There are many ways to make money in decentralized finance (DeFi). There are also a lot of ways to lose it. Aside from buying the wrong tokens at the wrong time or becoming the bag-holder for illiquid non-fungible tokens (NFTs), scams and hacks are common.
In the last three years, the tools we use to interact with DeFi, web wallets, platforms, and protocols, have become more user-friendly. But at the same time, phishing attempts, hacks, and frauds have increased. There’s an arms race underway, with DeFi’s defenders working to shore up their protocols against attackers. It’s a high-stakes battle, with the very future of DeFi at stake.
Hackers will continue hacking
There’s a common misconception that only new users fall prey to hackers. They make mistakes, clicking on phishing links or responding to scam messages. While beginners have fallen prey, the truth is that anyone can be a target. Even DeFi veterans can fall; all it takes is a moment’s inattention.
Web3 platforms that prompt users to sign a transaction to confirm wallet ownership are one such weak point. In many cases, it’s unclear what you’re signing or why. All it takes is a compromised Twitter account or a front-end code injection for a hacker to turn a reputable web3 platform into a honeypot.
Defenders will continue defending
DeFi proponents, including white hats, security researchers, and interface designers, have been fighting back, arming users with the tools to detect threats. Browser extensions have been developed that alert users to the permissions they’re granting every time they sign a transaction. These detect malicious signature requests effectively. However, pop-ups caused by these extra steps risk causing notification fatigue.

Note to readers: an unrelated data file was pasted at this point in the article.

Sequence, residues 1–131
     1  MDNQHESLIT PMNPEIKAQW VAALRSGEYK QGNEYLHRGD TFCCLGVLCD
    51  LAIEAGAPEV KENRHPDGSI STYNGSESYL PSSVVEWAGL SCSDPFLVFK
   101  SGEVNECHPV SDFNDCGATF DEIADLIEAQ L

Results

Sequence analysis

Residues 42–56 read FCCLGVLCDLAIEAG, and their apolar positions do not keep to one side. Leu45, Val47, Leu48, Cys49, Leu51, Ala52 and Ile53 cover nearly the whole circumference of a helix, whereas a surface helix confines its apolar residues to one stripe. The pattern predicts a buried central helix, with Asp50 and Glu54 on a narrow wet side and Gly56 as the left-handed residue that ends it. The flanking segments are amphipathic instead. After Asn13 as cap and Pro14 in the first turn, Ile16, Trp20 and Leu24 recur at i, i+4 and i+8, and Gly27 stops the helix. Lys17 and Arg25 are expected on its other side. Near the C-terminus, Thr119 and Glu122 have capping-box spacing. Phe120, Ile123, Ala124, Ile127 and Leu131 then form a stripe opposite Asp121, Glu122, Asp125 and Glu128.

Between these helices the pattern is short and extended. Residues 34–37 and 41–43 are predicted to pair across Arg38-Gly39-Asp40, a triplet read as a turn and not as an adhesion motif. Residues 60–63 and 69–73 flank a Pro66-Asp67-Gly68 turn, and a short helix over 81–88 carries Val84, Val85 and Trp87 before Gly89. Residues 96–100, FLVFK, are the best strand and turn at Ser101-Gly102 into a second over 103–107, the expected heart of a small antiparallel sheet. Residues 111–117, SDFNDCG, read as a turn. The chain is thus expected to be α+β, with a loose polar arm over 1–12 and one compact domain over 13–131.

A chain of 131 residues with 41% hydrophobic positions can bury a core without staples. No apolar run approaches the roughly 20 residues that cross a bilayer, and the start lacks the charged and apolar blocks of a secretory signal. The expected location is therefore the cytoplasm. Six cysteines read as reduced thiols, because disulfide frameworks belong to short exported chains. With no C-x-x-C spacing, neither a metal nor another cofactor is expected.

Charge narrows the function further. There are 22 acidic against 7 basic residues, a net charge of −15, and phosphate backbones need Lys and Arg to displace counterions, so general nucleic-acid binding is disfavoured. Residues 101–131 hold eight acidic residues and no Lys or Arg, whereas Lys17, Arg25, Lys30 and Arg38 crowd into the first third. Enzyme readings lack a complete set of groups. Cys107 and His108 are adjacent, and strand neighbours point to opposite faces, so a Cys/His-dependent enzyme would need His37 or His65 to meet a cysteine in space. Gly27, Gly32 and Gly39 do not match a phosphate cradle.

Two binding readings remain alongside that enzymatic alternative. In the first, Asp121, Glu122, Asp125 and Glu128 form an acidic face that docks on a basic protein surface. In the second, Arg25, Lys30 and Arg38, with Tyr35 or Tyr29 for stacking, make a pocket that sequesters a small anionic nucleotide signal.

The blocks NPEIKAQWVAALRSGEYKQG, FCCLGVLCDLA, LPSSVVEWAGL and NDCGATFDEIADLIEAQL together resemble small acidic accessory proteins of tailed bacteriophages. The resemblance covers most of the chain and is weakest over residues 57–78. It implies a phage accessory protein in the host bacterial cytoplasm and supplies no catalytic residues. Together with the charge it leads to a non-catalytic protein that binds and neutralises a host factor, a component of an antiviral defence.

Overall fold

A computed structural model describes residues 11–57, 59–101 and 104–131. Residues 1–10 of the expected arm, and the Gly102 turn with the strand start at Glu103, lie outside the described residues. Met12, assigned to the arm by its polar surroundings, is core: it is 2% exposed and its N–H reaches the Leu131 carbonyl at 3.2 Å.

Other solutions seek to drill down into the smart contracts DeFi users interact with to determine whether they contain malicious code. Blockfence has developed an interface that warns web3 users of any hazards they’re unwittingly interacting with. Its protection layer combines complex analyses, machine learning algorithms, and accumulated community data to build a bigger picture of systemic risk. It’s recently seen success in saving unsuspecting users from an ETH Denver phishing website.
These solutions must be complemented by tools that can protect against other attack vectors. Bridges, vital conduits for moving money between blockchains, are weak points. Last year, $2b was lost to bridge exploits. The industry needs more robust solutions for moving assets cross-chain and identifying attacks before millions of dollars can be exfiltrated.
From white-hats hacking back to greater forensic tools for following and potentially freezing stolen funds, DeFi users are equipped. But until the annual amount of stolen crypto starts dropping, it’s hard to argue that the good guys are winning the battle. For all the progress made, DeFi remains vulnerable.
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